How about the rosy red or fathead minnow(Pimephales promelas) for the kids pond? They likely won't need a heater and breed similarly to cichlids. The male guards eggs that have been glued to the underside of a cave such as under a rock. Medakas(Oryzias sp. or perhaps some kind of killifish) would be really cool but would require above 60 degrees and also are hard to find available. They produce very large eggs which dangle from the female like a cluster of grapes until she finds a suitable place to hang them up. The eggs make great things to observe development as they are pretty big.

The most important thing is to make sure the pond does not freeze over...a de icer could be bought from a pond supply or catalog for this.

Don't know about the concrete but generally decorative ponds are made using pond liner.

Don't know how you would get the boulder thing done. It would require some place to hide the tubing which would come from a pump in the water and climb to the top of the boulder. If their are any pond or water garden supply stores around they would be better able to make suggestions though I'd reccomend double checking any fish information with other sources first.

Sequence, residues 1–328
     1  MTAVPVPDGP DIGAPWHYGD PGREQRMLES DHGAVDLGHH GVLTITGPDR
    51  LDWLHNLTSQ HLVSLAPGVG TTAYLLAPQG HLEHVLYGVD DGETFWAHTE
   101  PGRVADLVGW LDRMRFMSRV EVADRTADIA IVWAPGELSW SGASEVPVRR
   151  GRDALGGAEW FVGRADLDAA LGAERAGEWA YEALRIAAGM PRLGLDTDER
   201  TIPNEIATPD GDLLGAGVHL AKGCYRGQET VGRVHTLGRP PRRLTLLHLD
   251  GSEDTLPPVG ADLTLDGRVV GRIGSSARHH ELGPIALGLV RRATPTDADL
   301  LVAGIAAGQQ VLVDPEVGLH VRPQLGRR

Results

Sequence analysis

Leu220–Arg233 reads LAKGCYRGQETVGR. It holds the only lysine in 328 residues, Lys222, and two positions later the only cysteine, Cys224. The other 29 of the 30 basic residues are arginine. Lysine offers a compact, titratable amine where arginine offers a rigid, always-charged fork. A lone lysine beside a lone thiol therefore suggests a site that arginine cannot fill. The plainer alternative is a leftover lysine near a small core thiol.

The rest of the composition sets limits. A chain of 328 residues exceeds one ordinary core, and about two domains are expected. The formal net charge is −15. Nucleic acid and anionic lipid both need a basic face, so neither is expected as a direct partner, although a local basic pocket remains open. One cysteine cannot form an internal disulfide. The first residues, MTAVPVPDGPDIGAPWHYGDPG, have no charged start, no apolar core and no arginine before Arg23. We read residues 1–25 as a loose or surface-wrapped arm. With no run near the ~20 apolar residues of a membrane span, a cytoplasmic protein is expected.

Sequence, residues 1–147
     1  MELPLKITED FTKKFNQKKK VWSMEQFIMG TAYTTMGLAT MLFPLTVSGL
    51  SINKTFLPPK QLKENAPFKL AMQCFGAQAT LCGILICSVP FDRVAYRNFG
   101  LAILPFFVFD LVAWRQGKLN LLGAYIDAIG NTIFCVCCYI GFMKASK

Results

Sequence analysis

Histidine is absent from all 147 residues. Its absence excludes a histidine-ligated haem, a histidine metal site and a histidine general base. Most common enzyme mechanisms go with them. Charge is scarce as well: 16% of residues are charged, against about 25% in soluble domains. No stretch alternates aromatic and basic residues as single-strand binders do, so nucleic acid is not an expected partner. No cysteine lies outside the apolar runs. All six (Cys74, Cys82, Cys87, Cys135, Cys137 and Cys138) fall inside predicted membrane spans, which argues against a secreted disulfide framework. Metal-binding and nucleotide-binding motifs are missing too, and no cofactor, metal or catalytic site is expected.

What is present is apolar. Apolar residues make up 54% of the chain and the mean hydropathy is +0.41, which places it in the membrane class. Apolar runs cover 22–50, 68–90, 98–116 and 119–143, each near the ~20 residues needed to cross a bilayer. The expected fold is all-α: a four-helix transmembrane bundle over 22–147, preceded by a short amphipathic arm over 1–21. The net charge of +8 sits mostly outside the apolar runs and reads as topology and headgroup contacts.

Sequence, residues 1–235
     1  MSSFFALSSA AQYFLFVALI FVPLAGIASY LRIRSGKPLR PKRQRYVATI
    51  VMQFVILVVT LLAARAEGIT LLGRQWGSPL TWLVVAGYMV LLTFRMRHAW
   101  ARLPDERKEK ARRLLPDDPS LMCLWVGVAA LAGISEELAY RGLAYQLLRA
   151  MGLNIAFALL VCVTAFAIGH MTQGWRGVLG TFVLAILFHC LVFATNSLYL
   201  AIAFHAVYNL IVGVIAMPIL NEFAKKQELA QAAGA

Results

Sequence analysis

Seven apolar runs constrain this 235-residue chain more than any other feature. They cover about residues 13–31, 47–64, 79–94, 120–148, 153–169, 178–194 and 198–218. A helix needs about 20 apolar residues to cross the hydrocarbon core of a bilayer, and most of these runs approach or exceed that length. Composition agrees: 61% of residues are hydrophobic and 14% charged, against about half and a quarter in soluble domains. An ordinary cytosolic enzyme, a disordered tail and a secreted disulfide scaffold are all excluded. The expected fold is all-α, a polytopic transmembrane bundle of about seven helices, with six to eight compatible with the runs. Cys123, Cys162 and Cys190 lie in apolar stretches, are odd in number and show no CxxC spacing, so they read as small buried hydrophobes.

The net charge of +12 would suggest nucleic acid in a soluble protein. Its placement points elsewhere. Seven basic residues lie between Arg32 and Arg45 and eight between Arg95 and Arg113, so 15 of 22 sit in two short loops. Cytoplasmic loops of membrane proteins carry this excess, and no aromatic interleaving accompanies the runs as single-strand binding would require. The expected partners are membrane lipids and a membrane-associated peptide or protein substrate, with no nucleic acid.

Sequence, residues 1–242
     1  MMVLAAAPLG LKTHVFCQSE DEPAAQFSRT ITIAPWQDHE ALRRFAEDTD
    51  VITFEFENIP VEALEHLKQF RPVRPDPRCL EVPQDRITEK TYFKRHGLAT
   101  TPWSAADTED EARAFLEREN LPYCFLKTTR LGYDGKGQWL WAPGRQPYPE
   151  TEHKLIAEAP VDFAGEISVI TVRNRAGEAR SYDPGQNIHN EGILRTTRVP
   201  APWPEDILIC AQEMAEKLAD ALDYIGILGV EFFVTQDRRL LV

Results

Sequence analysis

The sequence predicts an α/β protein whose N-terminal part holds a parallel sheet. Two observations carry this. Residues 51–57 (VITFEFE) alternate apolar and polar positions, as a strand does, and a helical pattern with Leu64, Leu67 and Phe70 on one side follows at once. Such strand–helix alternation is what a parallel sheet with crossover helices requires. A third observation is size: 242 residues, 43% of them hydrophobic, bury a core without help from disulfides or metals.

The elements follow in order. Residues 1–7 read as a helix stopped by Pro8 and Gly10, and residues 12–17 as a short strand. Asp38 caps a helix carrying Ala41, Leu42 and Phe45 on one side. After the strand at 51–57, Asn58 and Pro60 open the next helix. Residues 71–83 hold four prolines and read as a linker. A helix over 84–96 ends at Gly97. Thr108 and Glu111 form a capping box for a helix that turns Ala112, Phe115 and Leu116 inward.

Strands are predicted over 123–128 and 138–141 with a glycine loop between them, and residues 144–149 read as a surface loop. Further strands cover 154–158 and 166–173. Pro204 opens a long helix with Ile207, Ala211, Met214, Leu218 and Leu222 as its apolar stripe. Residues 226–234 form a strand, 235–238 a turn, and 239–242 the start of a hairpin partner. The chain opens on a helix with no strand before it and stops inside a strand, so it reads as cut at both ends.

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dale
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Joined: 10 Jan 2005
Location: Abbotsford Canada

PostPosted: 2005.11.07(Mon)3:17    Post subject: Reply with quote

Hey bettaluvr,
I live in the same climate zone as you and have both kept personal ponds and build and maintain ponds for clients so here are some observations...

If you are not that experienced with pond building the best choice is to either purchase a pre fab plastic pond or use a rubber pond liner and dig your own. Concrete is somewhat "old school", requires a lot more time and work, and isn't any cheaper. Plus most concrete ponds crack at some point and you spend much of your time draining and sealing the pond. Cement changes the pH of the water until a process of curing takes place.